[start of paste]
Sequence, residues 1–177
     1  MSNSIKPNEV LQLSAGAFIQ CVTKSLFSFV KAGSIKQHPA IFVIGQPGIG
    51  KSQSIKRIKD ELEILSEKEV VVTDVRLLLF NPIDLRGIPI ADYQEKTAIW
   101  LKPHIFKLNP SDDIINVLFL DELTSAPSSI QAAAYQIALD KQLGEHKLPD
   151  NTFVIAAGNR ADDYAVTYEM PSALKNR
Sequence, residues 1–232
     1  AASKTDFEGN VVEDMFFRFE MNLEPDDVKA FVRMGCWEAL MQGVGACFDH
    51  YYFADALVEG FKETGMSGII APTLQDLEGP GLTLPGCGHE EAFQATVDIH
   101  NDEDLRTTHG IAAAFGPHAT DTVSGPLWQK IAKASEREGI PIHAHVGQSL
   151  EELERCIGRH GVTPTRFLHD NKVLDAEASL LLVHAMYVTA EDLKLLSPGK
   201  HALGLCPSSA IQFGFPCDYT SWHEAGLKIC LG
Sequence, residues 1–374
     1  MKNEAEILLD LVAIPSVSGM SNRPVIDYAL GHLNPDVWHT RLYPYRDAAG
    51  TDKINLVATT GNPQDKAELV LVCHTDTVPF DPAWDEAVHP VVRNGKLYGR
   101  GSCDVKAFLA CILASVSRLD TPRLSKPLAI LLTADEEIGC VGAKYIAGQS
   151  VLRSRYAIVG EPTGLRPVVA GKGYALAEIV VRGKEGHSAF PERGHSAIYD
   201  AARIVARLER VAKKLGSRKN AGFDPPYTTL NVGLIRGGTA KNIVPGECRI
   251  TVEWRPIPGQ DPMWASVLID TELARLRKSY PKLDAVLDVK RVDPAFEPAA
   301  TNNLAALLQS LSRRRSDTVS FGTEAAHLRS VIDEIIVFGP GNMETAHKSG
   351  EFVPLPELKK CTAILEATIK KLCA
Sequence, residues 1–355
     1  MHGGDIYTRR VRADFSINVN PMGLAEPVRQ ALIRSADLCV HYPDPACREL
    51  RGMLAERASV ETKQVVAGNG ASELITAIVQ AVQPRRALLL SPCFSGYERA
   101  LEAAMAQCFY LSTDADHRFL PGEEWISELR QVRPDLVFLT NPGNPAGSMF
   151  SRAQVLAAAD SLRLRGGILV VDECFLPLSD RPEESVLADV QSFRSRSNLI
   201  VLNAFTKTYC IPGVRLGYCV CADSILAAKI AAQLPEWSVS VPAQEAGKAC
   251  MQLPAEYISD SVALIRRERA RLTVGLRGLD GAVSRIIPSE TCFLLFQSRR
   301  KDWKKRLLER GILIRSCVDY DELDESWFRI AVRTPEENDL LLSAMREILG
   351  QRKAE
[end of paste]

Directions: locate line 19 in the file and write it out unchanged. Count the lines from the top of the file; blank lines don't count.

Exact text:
   301  TNNLAALLQS LSRRRSDTVS FGTEAAHLRS VIDEIIVFGP GNMETAHKSG